According to researchers at Net Applications, use of Microsoft's Web browser, Internet Explorer, fell from 74 percent to 68 percent of the market by the end 2008. The main beneficiary of that decline was Mozilla Firefox, which jumped to 21 percent usage share in December, up from 18 percent in May. But browsers from Apple and Google also saw small gains in 2008 as well.
Mozilla Firefox is the modern descendent of the Netscape browser, which was itself based heavily on work first done on the Mosaic browser at the NCSA (National Center for Supercomputer Applications). Netscape famously issued its browser as Mozilla in early 1998 before being swallowed up by AOL; Mozilla continued as a non-profit organization until last year. Its main product is Firefox, which remains free and open source.
Apple's Safari browser was another indirect beneficiary of IE's decline in 2008, though one might most obviously attributed its success to the recent resurgence of the Mac computer platform, as most Safari users are Mac users. Safari now controls 8 percent of Web browser usage.
Google launched its Chrome browser in late 2008 to much fanfare, but that product has yet to garner a significant user base. Net Applications says that just 1 percent of surfers use Chrome as their browser.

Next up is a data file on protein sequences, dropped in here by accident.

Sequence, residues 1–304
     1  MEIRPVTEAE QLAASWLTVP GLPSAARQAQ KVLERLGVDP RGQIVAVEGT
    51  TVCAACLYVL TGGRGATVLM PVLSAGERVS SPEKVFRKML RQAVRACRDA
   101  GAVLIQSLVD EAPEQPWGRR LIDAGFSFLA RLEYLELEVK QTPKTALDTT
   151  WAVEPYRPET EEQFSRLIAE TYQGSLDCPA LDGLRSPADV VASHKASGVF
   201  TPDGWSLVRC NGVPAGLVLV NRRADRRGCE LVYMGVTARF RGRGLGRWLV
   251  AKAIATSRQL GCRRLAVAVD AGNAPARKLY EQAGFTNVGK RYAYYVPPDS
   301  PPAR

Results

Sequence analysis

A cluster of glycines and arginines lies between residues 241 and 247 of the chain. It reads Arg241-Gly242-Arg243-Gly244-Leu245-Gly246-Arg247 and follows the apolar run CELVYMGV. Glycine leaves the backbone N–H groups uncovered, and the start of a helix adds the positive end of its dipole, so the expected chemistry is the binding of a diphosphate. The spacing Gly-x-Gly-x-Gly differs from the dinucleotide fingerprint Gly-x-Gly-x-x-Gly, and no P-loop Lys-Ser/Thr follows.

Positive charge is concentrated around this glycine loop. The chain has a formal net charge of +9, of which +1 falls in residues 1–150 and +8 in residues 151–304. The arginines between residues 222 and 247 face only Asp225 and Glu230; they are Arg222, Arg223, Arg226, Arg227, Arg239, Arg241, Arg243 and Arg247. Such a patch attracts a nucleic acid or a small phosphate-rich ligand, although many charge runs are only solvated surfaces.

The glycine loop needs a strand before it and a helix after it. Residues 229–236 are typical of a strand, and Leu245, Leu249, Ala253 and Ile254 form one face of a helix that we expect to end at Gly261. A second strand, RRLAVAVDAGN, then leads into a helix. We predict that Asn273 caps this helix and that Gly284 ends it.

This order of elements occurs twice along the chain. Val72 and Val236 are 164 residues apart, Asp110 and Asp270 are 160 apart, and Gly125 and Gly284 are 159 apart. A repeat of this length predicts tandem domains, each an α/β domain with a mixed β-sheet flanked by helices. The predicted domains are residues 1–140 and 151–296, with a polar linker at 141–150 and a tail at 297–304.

As for Microsoft, the software giant is prepping its latest browser, Internet Explorer 8, for an early 2009 release. The company will also include IE 8 in its next OS version, Windows 7. In contrast to other browsers, IE 8 is actually gaining major new functionality at a surprisingly healthy clip; IE 8 will include such Accelerators, InPrivate Browsing, Web Slices, graphical search suggestions, and a security advance called the SmartScreen Filter.
Some related points should be noted, however. First, Net Applications issued a warning about its December survey results, noting that "the holiday season strongly favored residential over business usage ... This in turn increases the relative usage share of Mac, Firefox, Safari and other products that have relatively high residential usage." In other words, once businesses return to their normal schedules this month, IE could see a usage bump in January.
Second, while IE share overall did fall in 2008, most of that decline came from the older and increasingly obsolete IE 6 browser. Microsoft's current browser, IE 7, maintained its approximately 46 percent share all year.
Finally, it's worth pointing out that IE 6 dropped from about 46 percent to 26 percent of the market this year. But even though IE 6 is on the way out, it still commands almost as much usage share (26 percent) as Firefox, Safari, and Chrome combined (28 percent).